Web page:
I am also adding some new perennials to replace some that didn’t perform as well as expected. Platycodon ‘Sentimental Blue’ and Eryngium ‘Blue Hobbit’ will go in on either side of the weir for the upper pond. A new Coreopsis, ‘Mercury Rising’, will go behind the sound stone. This is a bright red tickseed that has been trialed for three years in Zone 5 so it ought to be a solid performer. Dwarf goatsbeard, Aruncus aethusifolius, will go around the deck on the lower pond. This has really nice fine-cut foliage that will work well with the other plants in that location.
I am in the process of tracking down a really nice small tree. Carpinus japonicum, Japanese hornbeam, which has hops-like fruit, glossy green foliage and a soft yellow fall color. This will go near the first deck at the back of the garden. In the same area, Cornus alba ‘Ivory Halo’ will replace the Sambucus that just did not pass muster. Another addition will be Parthenosisus cuspidata ‘Fenway’, a chartreuse Boston ivy that will climb a couple of the spruce trees along the north side of the garden. – Will Bridges
As the chill of winter and the blanket of snow have ascended upon the Gardens, the horticulture staff continue to plug away on tasks to ready the gardens for your return in 2013. From plant selection and seed propagation to pruning and equipment maintenance, there is no hibernation at Coastal Maine Botanical Gardens.
Here’s to a fantastic 2013. – Rodney
Our Senior Horticulturalist, Dick Zieg, has been feverishly looking through plant catalogs the past couple of weeks searching for new plants and ideas to enhance the gardens of the Cleaver Event Lawn and Garden. This is the area that surrounds the open panel of turf above the Lerner Garden of the Five Senses.
Dick is the primary gardener for this area and he wanted to provide some new horticultural displays for 2013. A month ago, I sent him some images of the mixed borders at Great Dixter in East Sussex, England; and this lit a fuse with Dick. He has picked out a nice array of new plants to mix into the existing plantings. Just a sampling of new plants he has picked out includes Liquidambar styraciflua ‘Slender Silhouette,’ Hibiscus ‘Pink Elephant,’ and Clematis ‘Wildfire.’
Be sure to walk around the gardens surrounding the Cleaver Event Lawn this summer and see all of Dick’s improvements. – Rodney
Images by: Dick Zieg, Rodney Eason, Sugarcreek Gardens, Sooner Plant Farm, and ornamental-trees.co.uk
Throughout the winter, we thought it would be great to share with all of our visitors what we do once the perennials are dormant and Jack Frost moves into his winter home on the Boothbay peninsula. This is the first of weekly updates showing you some of the improvements we have on the boards in the Gardens. Hopefully, when you and spring come back to the Gardens, you will be able to notice the fruits of our labors.
The first update is about Justin’s trail improvement work down along the Back River. Thanks to a grant from the Fields Pond Foundation, Justin is able to continue improving the trails on the Gardens’ property. He was also able to attend a workshop on best management practices for trail building this fall, which was coordinated and taught by the Maine Forest Service. He is using knowledge and techniques gained from this workshop directly on the trail improvement.
Justin is focusing our trail improvements on the Huckleberry Cove Trail. This trail runs south along the shoreline of the Back River from the Vayo Meditation Garden along the gorgeous ledge outcrop. If you have yet to walk down this trail, be sure to check it out this spring. When the trail was initially constructed, a layer of landscape fabric was used under the walkway mulch. Over time, we noticed that the fabric did not provide a rough enough surface for the mulch to “grab” onto. The walkway appeared that it was cracking in places, and in other locations you could even see the black landscape fabric.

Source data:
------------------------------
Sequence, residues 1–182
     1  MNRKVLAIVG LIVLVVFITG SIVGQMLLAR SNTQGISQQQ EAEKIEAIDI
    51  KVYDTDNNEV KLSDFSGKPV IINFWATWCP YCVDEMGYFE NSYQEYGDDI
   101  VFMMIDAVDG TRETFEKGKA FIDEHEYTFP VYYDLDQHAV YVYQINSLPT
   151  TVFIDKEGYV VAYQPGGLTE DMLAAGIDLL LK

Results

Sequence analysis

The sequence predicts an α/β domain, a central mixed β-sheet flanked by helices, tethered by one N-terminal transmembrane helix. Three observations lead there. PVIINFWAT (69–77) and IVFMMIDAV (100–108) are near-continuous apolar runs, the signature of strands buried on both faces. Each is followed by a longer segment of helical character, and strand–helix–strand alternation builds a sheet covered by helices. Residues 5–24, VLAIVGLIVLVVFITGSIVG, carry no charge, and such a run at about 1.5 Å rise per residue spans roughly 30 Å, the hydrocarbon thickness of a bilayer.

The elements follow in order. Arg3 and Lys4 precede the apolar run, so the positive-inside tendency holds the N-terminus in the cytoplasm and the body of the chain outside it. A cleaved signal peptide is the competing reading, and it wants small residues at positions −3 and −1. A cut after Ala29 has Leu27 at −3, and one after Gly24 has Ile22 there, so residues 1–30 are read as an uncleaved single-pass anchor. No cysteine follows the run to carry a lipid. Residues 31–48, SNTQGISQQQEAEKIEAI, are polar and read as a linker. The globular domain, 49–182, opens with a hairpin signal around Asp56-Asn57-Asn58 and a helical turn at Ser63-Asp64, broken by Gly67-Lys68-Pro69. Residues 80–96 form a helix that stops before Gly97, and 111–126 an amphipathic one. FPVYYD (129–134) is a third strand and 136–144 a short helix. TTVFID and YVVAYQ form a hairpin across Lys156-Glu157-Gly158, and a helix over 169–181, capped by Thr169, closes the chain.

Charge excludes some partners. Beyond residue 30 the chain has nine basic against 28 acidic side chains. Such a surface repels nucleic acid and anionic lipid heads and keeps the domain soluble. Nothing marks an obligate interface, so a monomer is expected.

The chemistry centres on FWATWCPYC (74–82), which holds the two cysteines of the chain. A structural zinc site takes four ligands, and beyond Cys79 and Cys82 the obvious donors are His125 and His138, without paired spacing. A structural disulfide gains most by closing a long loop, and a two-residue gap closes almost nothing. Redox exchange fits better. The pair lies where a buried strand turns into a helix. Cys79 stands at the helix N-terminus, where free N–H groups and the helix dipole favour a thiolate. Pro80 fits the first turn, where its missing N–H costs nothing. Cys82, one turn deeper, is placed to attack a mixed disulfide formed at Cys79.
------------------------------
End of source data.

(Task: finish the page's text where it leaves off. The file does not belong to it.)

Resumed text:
What Justin did this past week was to initially scrape away the top layer of walkway mulch. Then he pulled away the landscape fabric, which we are hoping to reuse in other areas of the property. Justin is using smaller equipment and hand tools to create as little impact on the surrounding forest as possible. The mulch is scraped back by using a compact, track loader called a Toro Dingo (see above). By using a loader on tracks, the weight of the machine is spread out over a greater surface area, which causes less disturbance and compaction. Justin is hauling excess material out of the trail area with a small Kubota all-terrain vehicle. If you have been to the Gardens, you probably have noticed our staff moving about in these useful machines.
If Justin gets near a tree root, he parks the Dingo and finishes the excavation using a shovel and rake. It can be hard work, but Justin loves the fact that it keeps him warm on these colder days.
Next week, Justin will begin resurfacing the pathway with a walkway mulch we use called Superhumus. I will provide an update on the resurfacing next week. – Rodney
On April 11th we enjoyed the fourth installment of our Kitchen Garden Dinner Series of 2012. This series brings top Maine chefs to our own Kitchen Garden Café for sumptuous multi-course meals. The guest chefs have the opportunity to showcase their favorite seasonal offerings in the intimate setting of the Cafe at Coastal Maine Botanical Gardens.
The April dinner featured Wing’s Hill Inn & Restaurant owner/chef Christopher Anderson, who offered up an evening of culinary delights. The wonderful play between flavors and textures was consistent throughout the meal, and the plating was colorful and creative. Although all courses were delicious, my favorite was the foie gras starter because of the wonderful blending of flavors between the mushrooms, bread, foie gras, and the balsamic reduction sauce. The fish from the second course was flavorful; however the sauce was the star – it made me want to run off into the garden with a baguette and a bowl of it and sit like a happy chipmunk devouring every morsel.
Wing’s Hill Inn & Restaurant is located in Belgrade Lakes on Rt. 27. It’s a charming country inn, with an award-winning restaurant. They also have a bakery for specialty cakes to order. To book reservations, call (207) 495-2400 or toll free (866) 495-2400.
Our next dinner is on May 16th with Chef Rich Hanson from Cleonice in Ellsworth. The dinner is sold out, but we are taking names for the waiting list. Check out our Kitchen Garden Dinner Series page for the full 2012 schedule. Tickets are available to the public for all of our Kitchen Garden Series Dinners; call (207) 633-4333, ext.101 to reserve your seats. Be sure to book your reservations early this summer, as all of our chefs are sure to be a hit!
~ Frank Merrill, Rental Coordinator